It is well known fact that for many years most teachers have been telling students that they can not, under any circumstances, use Wikipedia as a source for an assignment. At a conference in Stockholm on the 20. of March we discussed this and it seems that more teachers are willing to let the students use Wikipedia these days. I always ask my students to use 3 different sources and Wikepedia can be one of those. But to be causious when using Wikepedia is generally good advice. Despite the site’s best efforts, inaccuracies always crop up. But most students go ahead and use the online encyclopedia anyway, even if they don’t cite it. Now a group of professors and students at Imperial College London hope to start legitimizing Wikipedia as a research source by joining forces to improve the content on the pages.
The effort makes sense given the massive size of the site. With over 18 million articles and 365 million visitors each month, Wikipedia is the connected world’s go-to reference source. The president of the campus group Wikipedians at Imperial College, medical student Vinesh Patel, told BBC News that “Wikipedia is here to stay—it’s a question of whether we come up to speed with it or try to ignore it.”
Patel hopes to coordinate students and staff at Imperial and other schools to “make the most of Wikipedia, rather than pretend it’s not there.” To that end, he’s coordinating an April conference focused on bringing academia together to improve the quality and consistency of information the site the offers. Source: Good Education. Last year, Harvard professor and Association for Psychological Science president Mahzarin R. Banaji launched a similar effort to clean up the inaccuracies in Wikipedia’s psychology entries, while British students and faculty teamed up to do the same in several content areas. If independent efforts like these are consolidated under the Wikipedia Education Program umbrella, the site could be on its way to true academic legitimacy. And because students—and the rest of us—are never going to stop using Wikipedia, we might as well focus on making the world’s most popular reference service a credible one. Source: Good education.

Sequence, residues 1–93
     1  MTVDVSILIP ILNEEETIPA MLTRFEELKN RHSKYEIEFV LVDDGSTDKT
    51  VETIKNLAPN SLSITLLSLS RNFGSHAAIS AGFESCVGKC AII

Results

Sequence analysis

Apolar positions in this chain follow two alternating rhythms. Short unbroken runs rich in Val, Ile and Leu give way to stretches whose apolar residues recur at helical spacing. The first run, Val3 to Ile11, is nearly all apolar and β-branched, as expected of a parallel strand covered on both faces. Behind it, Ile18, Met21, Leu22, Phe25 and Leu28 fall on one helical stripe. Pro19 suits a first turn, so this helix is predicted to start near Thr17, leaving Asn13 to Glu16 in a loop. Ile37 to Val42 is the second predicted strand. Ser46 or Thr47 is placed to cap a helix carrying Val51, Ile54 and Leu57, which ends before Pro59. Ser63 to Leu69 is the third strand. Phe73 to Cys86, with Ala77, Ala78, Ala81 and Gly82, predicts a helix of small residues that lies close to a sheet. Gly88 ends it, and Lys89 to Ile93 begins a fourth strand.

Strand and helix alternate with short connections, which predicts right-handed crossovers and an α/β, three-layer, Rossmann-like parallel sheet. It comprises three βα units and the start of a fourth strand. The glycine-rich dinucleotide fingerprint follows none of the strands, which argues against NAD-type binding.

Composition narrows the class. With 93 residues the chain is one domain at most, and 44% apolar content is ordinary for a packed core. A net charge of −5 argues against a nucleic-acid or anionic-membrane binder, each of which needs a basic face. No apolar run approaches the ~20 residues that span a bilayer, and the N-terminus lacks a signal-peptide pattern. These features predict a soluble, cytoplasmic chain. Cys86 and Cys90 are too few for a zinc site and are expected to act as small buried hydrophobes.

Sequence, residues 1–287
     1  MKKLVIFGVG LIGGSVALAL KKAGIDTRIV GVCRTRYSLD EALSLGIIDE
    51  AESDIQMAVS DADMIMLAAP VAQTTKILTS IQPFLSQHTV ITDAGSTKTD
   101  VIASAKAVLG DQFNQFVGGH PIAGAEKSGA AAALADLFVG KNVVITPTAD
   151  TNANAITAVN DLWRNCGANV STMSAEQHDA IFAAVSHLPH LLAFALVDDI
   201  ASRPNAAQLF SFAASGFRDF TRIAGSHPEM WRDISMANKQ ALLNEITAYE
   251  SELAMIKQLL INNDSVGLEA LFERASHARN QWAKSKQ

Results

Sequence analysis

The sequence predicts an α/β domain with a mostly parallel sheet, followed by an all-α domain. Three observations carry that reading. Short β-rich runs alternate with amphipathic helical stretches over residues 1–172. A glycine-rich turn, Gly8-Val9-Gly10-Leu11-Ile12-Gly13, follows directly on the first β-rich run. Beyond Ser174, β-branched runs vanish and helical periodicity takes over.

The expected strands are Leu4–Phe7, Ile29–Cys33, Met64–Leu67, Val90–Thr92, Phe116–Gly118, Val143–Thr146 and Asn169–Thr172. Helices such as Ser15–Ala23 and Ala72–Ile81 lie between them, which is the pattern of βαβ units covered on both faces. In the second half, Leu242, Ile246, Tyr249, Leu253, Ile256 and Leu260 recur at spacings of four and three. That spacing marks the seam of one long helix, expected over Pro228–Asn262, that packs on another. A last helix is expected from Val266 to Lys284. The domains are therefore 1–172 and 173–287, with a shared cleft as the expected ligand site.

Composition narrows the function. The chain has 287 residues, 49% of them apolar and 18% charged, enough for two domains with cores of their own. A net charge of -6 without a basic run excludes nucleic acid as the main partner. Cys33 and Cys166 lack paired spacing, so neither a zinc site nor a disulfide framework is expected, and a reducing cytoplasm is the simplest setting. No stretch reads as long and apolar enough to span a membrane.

- Open source history, Wikipedia, and Encyclopedia Britannica (historytech.wordpress.com)
- Wikipedia’s Source Data Proves Helpful (mondaysbalcony.com)
I think it’s fair to let students start with Wikipedia. The key is to let them know that:
1. Wikipedia should be one of many source. If other sources disagree – decide which is more authoritative.
2. The links cited in Wikipedia articles can be hugely valuable.
“Banning” anything can make it more enticing ;).
Janet | expateducator.com
I agree with you. It should be part of the learning experience! Thank you for stopping by and taking the time to comment!
I agree that we as educators can no longer ignore Wikipedia since we’re all using it anyway, and to such a large extent. Yet, I think a debate about whether Wikipedia is any good (reliable, accurate, etc) and whether it should be accepted as a source in academic contexts is slightly missing the point. Wikipedia is not an encyclopedia in the traditional sense – but we keep treating it as if it were. Rather, Wikiepdia is a dynamic, organic process, continuously changing and evolving. The most interesting part of Wikipedia is “backstage” – on the history and discussion pages.
I agree that we should bring Wikipedia into our classrooms: and the best way to do that is to have students and their teachers become contributors rather than just consumers. Not in order to make Wikipedia perfect or more reliable but in order to understand how it functions. So very few of us do, and to me that is the most worrying part.
Thank you for taking the time to comment Hilde. Let’s hope this catches on in Norway as well as in the US and the UK. I wonder how many educators know about this? That it is a dynamic process and that the most interesting parts of Wikipedia, are found in the history and discussion pages.